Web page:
Richard Orlando Biondi was born in Endicott, New York, in 1932 to Rose and Michael Biondi, a homemaker and a fireman. Growing up in the Italian neighborhood known as The Nob, Dick described himself as a kid who was always yakking. A devout Catholic, he intended to enter the priesthood. But things changed when 8-year-old Dick discovered a local radio station while spending the summer at his grandparents’ home in Auburn, New York. He stood and watched the announcer until he was invited into the studio one day to read a commercial. When he returned home, his family announced, “We heard you on the radio!” That’s when Dick’s dream was born.
Biondi began his career playing “race” records and soon discovered rock ’n’ roll. At his early record hops, he introduced Elvis Presley, Jerry Lee Lewis, Bobby Darin and Paul Anka, and went on to promote many artists’ careers. Dick’s dream came true at superstation WLS in Chicago, where his radio persona, “The Screamer” and “The Wild I-Tralian,” made him the No. 1 DJ in America. It was at WLS in February 1963 that he introduced the first Beatles record to be heard on the radio in the U.S. He later introduced the Beatles and the Rolling Stones in concert.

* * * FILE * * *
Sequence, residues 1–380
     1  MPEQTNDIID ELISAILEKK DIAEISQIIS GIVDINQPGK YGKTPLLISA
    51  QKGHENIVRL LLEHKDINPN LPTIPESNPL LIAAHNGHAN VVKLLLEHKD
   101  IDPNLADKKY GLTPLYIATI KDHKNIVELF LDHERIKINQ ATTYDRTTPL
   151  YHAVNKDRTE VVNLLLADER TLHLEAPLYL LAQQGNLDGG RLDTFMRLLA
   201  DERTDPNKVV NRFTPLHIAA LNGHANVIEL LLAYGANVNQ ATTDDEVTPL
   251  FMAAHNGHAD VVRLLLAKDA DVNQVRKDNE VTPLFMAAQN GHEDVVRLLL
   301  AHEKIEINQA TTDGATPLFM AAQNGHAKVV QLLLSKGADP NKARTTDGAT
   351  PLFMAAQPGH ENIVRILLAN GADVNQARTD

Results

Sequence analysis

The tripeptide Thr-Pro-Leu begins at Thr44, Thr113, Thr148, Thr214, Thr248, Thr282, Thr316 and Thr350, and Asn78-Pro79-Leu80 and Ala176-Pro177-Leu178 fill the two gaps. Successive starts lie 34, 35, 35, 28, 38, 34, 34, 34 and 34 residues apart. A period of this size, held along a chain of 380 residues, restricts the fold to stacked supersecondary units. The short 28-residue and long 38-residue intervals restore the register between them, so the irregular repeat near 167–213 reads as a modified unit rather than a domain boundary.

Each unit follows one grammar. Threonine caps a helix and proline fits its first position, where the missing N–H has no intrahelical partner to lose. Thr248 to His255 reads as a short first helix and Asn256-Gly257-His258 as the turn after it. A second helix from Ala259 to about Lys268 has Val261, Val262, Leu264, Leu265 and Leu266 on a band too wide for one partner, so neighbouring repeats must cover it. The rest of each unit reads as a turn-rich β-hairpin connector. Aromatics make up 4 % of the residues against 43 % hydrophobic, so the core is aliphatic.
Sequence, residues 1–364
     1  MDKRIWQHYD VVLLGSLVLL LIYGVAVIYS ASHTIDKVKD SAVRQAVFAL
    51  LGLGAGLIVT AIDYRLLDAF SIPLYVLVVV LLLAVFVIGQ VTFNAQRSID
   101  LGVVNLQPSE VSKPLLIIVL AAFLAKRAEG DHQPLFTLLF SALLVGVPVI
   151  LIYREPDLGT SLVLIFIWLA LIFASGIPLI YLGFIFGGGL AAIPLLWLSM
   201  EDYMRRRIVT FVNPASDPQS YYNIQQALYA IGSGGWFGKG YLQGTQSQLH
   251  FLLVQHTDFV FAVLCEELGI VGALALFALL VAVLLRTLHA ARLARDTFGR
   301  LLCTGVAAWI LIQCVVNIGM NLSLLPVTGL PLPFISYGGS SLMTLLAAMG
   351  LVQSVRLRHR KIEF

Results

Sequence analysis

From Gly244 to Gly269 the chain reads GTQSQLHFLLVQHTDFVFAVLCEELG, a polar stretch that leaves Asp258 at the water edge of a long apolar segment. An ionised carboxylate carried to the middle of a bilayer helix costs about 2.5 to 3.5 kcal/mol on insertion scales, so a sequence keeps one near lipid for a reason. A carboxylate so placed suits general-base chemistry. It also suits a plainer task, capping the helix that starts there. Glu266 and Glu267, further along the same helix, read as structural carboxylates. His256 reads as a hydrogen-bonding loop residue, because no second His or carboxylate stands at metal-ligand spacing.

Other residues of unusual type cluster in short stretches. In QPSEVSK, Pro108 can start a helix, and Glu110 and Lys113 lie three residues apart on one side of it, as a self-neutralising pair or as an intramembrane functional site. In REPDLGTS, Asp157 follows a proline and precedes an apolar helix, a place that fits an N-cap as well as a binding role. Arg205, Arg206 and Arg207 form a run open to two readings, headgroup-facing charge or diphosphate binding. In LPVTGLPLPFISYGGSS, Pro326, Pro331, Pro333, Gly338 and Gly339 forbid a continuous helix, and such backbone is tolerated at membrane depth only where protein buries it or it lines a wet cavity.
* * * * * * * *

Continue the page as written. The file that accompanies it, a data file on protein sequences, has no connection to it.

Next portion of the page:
A proud Italian American who kept his real name throughout his career, Biondi was exciting, fun and goofy, but he also had a serious side. His annual toy drive brought joy to countless needy children.
That remarkable story has been captured in a new documentary spearheaded by former fan club president Pamela Pulice, who met Dick in 1961 and has remained a lifelong friend. Among the many high-powered interviewees are Frankie Valli, Brian Wilson, Paul Shaffer, Tom Dreesen, and Ron Onesti. Now in post-production, the film is slated for release this spring. To become a donor or sponsor, visit www.dickbiondifilm.com/donate/
— Joe Farina